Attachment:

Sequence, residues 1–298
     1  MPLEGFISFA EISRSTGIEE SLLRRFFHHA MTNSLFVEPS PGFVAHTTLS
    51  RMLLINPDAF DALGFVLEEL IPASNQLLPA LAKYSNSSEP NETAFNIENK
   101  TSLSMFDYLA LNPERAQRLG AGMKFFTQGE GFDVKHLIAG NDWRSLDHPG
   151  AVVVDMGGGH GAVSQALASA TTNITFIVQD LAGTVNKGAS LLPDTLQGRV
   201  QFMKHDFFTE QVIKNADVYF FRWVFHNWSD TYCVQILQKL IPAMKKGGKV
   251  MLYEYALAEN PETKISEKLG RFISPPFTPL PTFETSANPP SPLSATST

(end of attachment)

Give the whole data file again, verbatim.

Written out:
Sequence, residues 1–298
     1  MPLEGFISFA EISRSTGIEE SLLRRFFHHA MTNSLFVEPS PGFVAHTTLS
    51  RMLLINPDAF DALGFVLEEL IPASNQLLPA LAKYSNSSEP NETAFNIENK
   101  TSLSMFDYLA LNPERAQRLG AGMKFFTQGE GFDVKHLIAG NDWRSLDHPG
   151  AVVVDMGGGH GAVSQALASA TTNITFIVQD LAGTVNKGAS LLPDTLQGRV
   201  QFMKHDFFTE QVIKNADVYF FRWVFHNWSD TYCVQILQKL IPAMKKGGKV
   251  MLYEYALAEN PETKISEKLG RFISPPFTPL PTFETSANPP SPLSATST